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Fernanda Lind

January 01, 2023

The Mentor Effect

The Rise and Ripples of C-Suite Mentorship


Who would you invite to a dinner party and why?

On the surface, this classic icebreaker game reveals your favorite celebrities, but when you go a little deeper, it is also very telling about the kind of people you’d love to learn and benefit from firsthand.

While you may never be able to pull off that dream dinner party, you can channel that mentality and choose to surround yourself with people who will push, challenge, listen, and help you grow.

This is the basis of mentorship—when someone who has “been there and done that” helps another person “get there and get it done” with guidance, advice, and accountability. Like professional development by osmosis.


We are lucky enough to live in a time when there are plenty of online opportunities to connect socially, read thought pieces, and take classes from those further along in their journeys.

Mentorship, however, takes that learning to a whole new level.

As a recent Forbes article mentioned, mentoring relationships provide a level of customization unmatched by online resources. This one-on-one relationship can significantly impact the speed and height of your success, whether you are climbing the ladder of your profession or constructing one from scratch with your own company.

(Companies, if you’re reading this, providing active mentorship culture offers some profound benefits for you, too. CNBC reported that 91% of mentored employees are satisfied in their jobs.”)

Often thought of as something to pursue when you are working your way up the corporate ladder, mentorship proves even more valuable once you’ve reached the top.

Think you’re too far along for a mentor? Think again. Mentors for executive leadership are more critical than ever, especially as many leaders today are promoted for their technical abilities and sales success—not necessarily for their people skills. Mentors can help develop the “softer” skill sets of new leaders—listening, collaboration, conflict management, communication, and more—allowing those with deep industry insight to benefit from their experience in bringing out the best in teams.


Chris Jones, the chief executive of Welsh Water, recently told the Harvard Business Review that he benefited greatly from his mentor. “Talking these issues through with someone who has experienced similar challenges in their past helps give me a great deal of confidence,” said Jones.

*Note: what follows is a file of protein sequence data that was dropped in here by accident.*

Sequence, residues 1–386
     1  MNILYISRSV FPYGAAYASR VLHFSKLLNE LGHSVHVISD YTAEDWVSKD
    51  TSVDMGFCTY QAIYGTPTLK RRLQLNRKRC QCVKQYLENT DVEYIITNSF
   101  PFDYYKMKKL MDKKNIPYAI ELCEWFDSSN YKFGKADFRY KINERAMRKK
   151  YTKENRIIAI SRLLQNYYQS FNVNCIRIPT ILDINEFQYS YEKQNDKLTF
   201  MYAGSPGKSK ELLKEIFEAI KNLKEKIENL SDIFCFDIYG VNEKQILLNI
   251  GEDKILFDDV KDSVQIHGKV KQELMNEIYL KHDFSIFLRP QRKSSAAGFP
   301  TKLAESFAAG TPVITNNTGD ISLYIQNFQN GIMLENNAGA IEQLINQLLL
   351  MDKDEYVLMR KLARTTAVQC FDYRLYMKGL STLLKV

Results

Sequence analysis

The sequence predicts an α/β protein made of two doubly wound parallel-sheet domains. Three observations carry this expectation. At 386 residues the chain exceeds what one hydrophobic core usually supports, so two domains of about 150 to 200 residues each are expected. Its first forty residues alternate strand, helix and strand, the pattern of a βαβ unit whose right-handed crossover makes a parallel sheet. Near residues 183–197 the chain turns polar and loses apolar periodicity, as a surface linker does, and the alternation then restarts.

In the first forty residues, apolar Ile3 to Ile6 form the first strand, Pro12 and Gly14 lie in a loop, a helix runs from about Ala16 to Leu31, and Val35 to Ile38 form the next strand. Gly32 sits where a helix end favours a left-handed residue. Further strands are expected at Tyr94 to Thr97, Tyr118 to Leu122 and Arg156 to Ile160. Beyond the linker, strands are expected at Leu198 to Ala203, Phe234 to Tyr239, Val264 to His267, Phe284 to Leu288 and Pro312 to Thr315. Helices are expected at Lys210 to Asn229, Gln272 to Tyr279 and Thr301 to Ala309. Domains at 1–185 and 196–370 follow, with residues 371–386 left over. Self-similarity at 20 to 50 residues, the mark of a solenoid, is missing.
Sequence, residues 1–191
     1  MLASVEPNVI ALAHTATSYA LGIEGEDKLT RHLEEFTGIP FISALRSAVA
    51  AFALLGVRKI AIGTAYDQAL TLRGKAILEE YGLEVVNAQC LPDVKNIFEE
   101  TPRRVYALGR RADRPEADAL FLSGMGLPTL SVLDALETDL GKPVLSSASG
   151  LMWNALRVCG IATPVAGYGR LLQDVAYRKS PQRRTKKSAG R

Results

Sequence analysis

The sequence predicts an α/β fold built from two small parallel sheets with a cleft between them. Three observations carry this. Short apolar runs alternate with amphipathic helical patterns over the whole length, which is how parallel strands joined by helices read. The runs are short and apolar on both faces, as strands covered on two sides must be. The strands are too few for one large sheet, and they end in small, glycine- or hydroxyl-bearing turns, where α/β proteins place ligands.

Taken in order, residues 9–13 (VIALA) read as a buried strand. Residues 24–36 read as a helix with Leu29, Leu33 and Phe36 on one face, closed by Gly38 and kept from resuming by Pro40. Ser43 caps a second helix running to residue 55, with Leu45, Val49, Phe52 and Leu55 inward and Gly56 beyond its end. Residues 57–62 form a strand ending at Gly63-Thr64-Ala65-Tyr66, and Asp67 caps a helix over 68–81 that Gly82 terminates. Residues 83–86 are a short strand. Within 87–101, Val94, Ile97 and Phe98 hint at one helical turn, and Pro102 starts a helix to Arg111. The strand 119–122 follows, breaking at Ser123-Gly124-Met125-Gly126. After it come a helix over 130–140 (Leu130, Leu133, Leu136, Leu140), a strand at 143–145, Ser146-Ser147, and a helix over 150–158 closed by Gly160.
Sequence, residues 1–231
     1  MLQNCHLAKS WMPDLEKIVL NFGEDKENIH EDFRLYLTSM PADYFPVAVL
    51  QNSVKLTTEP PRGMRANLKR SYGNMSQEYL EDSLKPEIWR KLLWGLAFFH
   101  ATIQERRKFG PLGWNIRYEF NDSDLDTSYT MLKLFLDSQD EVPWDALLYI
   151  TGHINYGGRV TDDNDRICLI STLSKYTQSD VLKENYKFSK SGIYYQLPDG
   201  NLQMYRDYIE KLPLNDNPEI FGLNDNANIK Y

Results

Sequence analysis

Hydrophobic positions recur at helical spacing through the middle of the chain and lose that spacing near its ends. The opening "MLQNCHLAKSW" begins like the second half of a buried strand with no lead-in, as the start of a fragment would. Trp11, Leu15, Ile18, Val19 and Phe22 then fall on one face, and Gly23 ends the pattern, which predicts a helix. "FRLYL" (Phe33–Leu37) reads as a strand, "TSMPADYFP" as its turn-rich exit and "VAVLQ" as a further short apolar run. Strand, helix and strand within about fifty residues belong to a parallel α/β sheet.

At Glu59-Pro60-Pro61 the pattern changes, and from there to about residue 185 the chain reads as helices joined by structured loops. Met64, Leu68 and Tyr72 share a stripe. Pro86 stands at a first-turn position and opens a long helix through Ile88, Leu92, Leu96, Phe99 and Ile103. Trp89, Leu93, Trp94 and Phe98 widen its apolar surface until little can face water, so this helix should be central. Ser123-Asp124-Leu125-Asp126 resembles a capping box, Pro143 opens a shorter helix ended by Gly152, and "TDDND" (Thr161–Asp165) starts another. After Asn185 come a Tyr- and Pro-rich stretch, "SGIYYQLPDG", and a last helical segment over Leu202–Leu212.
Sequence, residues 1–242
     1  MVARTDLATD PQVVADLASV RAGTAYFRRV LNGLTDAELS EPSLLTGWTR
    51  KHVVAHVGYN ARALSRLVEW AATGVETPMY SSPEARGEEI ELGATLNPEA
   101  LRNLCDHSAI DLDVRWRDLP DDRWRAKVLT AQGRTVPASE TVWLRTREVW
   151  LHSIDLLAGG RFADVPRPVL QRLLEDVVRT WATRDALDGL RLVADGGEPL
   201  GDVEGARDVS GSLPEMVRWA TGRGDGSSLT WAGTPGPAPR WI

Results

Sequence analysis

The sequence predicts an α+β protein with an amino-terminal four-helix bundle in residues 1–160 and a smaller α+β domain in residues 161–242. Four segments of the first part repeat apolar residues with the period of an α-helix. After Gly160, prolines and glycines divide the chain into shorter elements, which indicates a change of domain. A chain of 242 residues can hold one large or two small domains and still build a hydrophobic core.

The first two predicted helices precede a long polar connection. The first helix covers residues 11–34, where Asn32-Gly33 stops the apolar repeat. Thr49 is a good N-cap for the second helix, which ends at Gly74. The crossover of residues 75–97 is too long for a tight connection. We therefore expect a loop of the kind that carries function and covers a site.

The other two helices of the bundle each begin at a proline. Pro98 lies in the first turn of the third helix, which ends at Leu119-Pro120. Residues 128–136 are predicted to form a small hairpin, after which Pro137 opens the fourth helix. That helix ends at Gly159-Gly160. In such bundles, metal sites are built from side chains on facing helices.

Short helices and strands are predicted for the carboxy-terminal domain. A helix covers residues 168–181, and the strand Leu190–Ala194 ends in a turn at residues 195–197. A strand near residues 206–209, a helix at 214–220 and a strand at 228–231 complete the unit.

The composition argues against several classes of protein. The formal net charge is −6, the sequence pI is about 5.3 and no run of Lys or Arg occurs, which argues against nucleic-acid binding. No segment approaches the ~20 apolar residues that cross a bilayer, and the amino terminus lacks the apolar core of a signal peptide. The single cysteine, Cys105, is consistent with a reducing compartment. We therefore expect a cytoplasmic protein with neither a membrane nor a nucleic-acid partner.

The article, which surveyed 45 CEOs, found that a surprising 71% of leaders noted improved company performance as a direct result of their mentorships. A whopping 84% credited mentors with helping them avoid costly mistakes.

Despite these benefits, development opportunities and mentorship programs tend to shrink the higher you rise through the ranks—especially true for women. A 2019 survey from McKinsey and LeanIn.Org states that women are 24% less likely than men to get guidance and advice from senior leaders.

As more women rise into leadership roles, the need for mentorship—inside or outside their workplace—becomes critical to evolving and advancing their careers.



Mentors can ultimately help save you time, money, and mishaps by learning from their relevant, real-world experiences. More than generic advice, you can glean key insights into what worked and what didn’t for them and figure out how it may apply to your unique circumstances.


One of the best gifts a mentor can provide is a different perspective and an objective opinion. Finding a trusted “ally” outside of your company also gives you the space to speak confidentially about sensitive issues.


Whether specific to your industry, desired skill set, or type of leadership, a mentor can help expand your network by introducing you to others in your field. And the beauty of a mentor-mentee relationship is that you can also introduce them to new faces in your network.


A mentor is not just a role model but also a source of knowledge, encouragement, feedback, and advice—and also referrals, resources, and templates. You’ll benefit from their successes as well as their mistakes while flattening the learning curve and speeding up your success.


A mentorship relationship is driven by the mentee—use it to amplify what you need most. Want to know how to grow your profits, scale your business, or pick up a new skill? Your mentor can work with you to set realistic, attainable goals and hold you accountable because their only motive is to see you succeed.


If you remember one thing from this article, it’s this: If you don’t have a mentor, it’s time to find one.

Start with a list of current industry leaders you respect and what you would love to learn from them. Write down your goals and areas you’d like to strengthen. Consider what meeting rhythm and relationship structure would work best and also what you could offer your mentor in return—even if it’s just another ripple of their legacy. Then formulate your ask.

Want a mentor to help you personally and professionally?

Finding a mentor with shared experience, common values, or a similar growth trajectory can help save you (and your company!) a lot of time, money, headaches, and growing pains.

When you discover the right fit, you’ll learn faster, lead smarter, and climb higher than you would on your own. You never know—that stellar dinner party might be closer than you think!

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